But I convinced myself that I could push through it and within a few weeks of the school year I started to have vivid suicidal thoughts. I didn’t think I’d ever act on them, but thoughts of ideation consumed hours of my day—how I might do it, what I would be wearing.  My mom started to call multiple times a day, just to make sure I’d pick up. I thought that I had to maintain a semblance of composure or face abandonment by friends. I began to make up excuses for leaving social gatherings. My grades plummeted. The depression grew progressively worse until one day I had to barricade myself in a closet until an overpowering wave of suicidal thoughts passed. Two days later, I walked out of my first final of the semester and with my last ounce of sanity withdrew from all my classes and left McGill.

Ignoring the first signs of depression is like ignoring a suspicious lump growing on your body. Like a tumor, depression, if left untreated, will wreak havoc on your health in virtually every respect. It will become more dangerous to you and perhaps those around you. It may well kill you. Last spring, if I hadn’t exercised an uncharacteristic level of restraint, I probably would have been a victim of depression myself.

McGill is struggling financially and McGill Mental Health Services are operating on a very limited budget. If students are guaranteed access to these services, I see no issue. The real problem with these services is that they’re incompatible with the needs of a deeply depressed person at almost every level. A triage therapist might misdiagnose you. They might see hundreds of students a week and be unconsciously eager to get you out of the office. Overcoming a bout of depression will take many appointments. It might take dozens of therapists until you even find one with whom you’re comfortable. If you’re feeling really low, you might not even have the energy or motivation to make an appointment. It’s incredibly difficult to address mental health issues at any large university, not just McGill.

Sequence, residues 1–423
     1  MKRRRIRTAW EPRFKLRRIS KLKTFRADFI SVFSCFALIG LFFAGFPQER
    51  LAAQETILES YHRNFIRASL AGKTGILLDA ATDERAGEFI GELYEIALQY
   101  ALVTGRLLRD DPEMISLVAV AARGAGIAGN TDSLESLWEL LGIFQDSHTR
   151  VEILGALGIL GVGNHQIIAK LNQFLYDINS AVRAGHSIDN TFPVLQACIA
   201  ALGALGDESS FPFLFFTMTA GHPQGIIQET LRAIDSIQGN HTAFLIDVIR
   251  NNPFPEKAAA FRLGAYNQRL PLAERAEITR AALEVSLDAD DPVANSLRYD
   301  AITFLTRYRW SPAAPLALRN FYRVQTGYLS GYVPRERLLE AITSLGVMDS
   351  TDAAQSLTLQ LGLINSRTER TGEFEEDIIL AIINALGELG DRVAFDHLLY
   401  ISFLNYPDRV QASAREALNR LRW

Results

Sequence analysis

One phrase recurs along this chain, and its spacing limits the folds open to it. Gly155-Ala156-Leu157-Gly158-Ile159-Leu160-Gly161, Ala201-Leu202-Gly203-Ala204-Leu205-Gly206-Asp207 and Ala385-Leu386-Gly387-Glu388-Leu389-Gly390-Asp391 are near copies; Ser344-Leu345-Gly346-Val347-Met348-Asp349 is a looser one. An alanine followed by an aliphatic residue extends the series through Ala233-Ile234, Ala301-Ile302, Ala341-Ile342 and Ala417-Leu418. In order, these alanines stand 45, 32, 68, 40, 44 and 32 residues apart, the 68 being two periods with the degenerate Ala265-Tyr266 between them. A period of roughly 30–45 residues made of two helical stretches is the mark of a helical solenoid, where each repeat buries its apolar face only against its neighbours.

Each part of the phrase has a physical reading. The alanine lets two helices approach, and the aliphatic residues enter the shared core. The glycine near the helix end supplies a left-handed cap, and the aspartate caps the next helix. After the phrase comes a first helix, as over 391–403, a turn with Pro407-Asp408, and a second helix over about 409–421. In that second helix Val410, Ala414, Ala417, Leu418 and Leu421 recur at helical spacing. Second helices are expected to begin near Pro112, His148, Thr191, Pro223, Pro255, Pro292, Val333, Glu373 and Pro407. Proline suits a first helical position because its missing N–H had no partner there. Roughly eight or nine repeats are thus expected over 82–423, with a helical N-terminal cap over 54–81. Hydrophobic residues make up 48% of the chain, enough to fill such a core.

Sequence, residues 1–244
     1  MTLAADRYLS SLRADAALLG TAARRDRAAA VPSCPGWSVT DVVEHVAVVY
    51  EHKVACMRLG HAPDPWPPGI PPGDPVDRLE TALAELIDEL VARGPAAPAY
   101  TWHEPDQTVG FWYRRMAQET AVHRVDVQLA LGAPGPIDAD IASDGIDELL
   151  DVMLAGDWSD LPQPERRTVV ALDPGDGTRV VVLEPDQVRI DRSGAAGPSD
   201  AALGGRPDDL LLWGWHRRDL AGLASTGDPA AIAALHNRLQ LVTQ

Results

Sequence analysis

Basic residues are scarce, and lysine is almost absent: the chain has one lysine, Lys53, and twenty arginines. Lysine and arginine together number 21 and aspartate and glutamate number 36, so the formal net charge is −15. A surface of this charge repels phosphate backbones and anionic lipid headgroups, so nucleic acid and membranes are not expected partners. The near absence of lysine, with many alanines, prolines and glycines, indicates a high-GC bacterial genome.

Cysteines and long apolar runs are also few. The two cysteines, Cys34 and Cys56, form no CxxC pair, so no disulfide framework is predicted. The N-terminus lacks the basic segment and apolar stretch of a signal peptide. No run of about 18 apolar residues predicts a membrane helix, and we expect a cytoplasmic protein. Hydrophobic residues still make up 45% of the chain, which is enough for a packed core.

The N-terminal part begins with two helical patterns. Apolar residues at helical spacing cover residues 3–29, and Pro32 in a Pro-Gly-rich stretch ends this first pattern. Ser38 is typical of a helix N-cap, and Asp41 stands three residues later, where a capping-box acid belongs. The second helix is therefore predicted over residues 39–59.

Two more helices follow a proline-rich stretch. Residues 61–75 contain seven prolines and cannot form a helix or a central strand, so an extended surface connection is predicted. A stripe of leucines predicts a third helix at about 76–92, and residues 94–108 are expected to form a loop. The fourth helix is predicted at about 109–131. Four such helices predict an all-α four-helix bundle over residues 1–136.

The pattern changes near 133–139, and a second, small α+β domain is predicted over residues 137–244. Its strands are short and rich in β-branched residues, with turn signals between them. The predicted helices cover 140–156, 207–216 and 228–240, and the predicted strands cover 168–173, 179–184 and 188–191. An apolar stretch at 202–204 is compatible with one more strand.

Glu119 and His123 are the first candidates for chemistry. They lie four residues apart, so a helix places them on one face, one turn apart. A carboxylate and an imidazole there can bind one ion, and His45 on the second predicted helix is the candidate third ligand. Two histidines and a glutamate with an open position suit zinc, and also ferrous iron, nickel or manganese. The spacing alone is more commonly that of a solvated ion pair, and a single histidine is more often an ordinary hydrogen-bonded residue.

As someone who’s cycled through many phases of depression, I want to give some advice. If you start to notice a negative change in your mood, go to McGill Mental Health immediately. Don’t write off uneasy feelings as nothing because you know yourself better than any triage therapist. If your negative moods begin to intensify, leave. Take a semester off. Take a year off. Transfer. Go back home or to wherever you feel safest. Reconnect with your family. Find a therapist you can talk to. If you’re willing, try antidepressants. But please, if you find yourself feeling progressively more numb or ‘empty,’ get as far away from school as you can. It might not be financially convenient, or fit with the career progression schedule you had planned, but your life is invaluable and you can always return.